A COUNCIL is looking to become more environmentally friendly by running two of its refuse vehicles on hydrotreated vegetable oil.
BCP Council has partnered with Crown Oil for the trial as part of its climate emergency declaration and pledge to make operations carbon neutral by 2030.
The fuel is created by collecting waste cooking oil and putting it through a hydrotreatment process before reusing it in diesel vehicles, rather than disposing in landfill or as hazardous waste.
The council’s cabinet member for environment, cleansing and waste, Cllr Mark Anderson, said: “This is an important trial that helps us work towards the government’s waste strategy pledge to eliminate food waste to landfill by 2030, by reusing cooking oil waste and converting it into an alternative, environmentally friendly fuel in our vehicles.”
Cllr Mike Greene, the cabinet member for transport and sustainability, added: “This partnership with Crown Oil provides us with the opportunity to explore the environmental benefits and operational impact of this alternative fuel within a large municipal fleet.
“If successful, it could be the benchmark for our transition to a cleaner, greener fleet.”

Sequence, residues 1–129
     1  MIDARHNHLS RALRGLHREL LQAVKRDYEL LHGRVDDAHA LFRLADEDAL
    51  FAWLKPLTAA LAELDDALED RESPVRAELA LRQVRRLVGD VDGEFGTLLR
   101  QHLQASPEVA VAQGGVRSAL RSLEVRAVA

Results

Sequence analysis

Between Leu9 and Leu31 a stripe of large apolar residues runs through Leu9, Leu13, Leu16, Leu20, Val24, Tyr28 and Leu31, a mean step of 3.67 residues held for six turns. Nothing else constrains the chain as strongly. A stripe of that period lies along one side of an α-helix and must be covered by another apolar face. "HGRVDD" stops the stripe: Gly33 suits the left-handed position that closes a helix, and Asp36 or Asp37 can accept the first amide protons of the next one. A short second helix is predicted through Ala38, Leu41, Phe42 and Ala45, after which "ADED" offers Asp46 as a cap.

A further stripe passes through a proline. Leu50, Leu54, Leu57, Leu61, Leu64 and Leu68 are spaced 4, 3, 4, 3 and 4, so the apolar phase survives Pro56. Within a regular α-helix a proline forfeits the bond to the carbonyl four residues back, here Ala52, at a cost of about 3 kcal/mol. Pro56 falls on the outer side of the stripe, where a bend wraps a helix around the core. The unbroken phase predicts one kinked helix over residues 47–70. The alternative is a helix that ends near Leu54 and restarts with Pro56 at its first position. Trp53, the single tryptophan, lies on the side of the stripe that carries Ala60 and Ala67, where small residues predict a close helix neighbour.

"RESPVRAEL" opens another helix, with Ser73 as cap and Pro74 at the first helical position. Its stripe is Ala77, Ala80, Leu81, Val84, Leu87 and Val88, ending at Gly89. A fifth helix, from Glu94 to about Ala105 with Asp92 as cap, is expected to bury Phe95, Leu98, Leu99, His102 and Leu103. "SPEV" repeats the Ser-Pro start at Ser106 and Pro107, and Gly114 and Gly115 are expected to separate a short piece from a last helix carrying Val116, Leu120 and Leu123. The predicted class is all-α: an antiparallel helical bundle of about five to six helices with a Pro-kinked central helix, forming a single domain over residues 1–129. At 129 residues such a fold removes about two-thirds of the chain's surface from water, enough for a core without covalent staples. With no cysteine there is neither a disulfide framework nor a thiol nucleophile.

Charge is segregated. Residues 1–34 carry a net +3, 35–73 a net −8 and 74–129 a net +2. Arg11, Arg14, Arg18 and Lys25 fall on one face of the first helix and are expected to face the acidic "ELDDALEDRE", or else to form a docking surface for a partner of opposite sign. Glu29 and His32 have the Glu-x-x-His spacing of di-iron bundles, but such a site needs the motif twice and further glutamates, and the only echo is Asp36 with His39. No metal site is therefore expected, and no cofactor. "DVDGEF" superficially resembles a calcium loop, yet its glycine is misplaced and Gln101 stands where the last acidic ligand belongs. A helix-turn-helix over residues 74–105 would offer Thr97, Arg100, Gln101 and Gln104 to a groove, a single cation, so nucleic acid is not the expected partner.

The trial, which will last one year, will deliver a carbon dioxide saving of around 40 metric tonnes per vehicle – equivalent to 11 hot air balloons of carbon dioxide.
Simon Lawford, technical manager at Crown Oil, said: “Hydrotreated vegetable oil (HVO) can be put directly into the vehicles, with no need for adaptations and is expected to perform faultlessly.
“The proven benefits of using HVO are plentiful, including year-round usability, up to a 90% reduction in greenhouse gas emissions and a direct drop-in functionality for the council’s existing fleet to use, making it a complete replacement for diesel.
“We are thrilled that HVO’s environmental and logistical credentials are being increasingly noted and we hope that other councils will follow in BCP Council’s green footsteps.”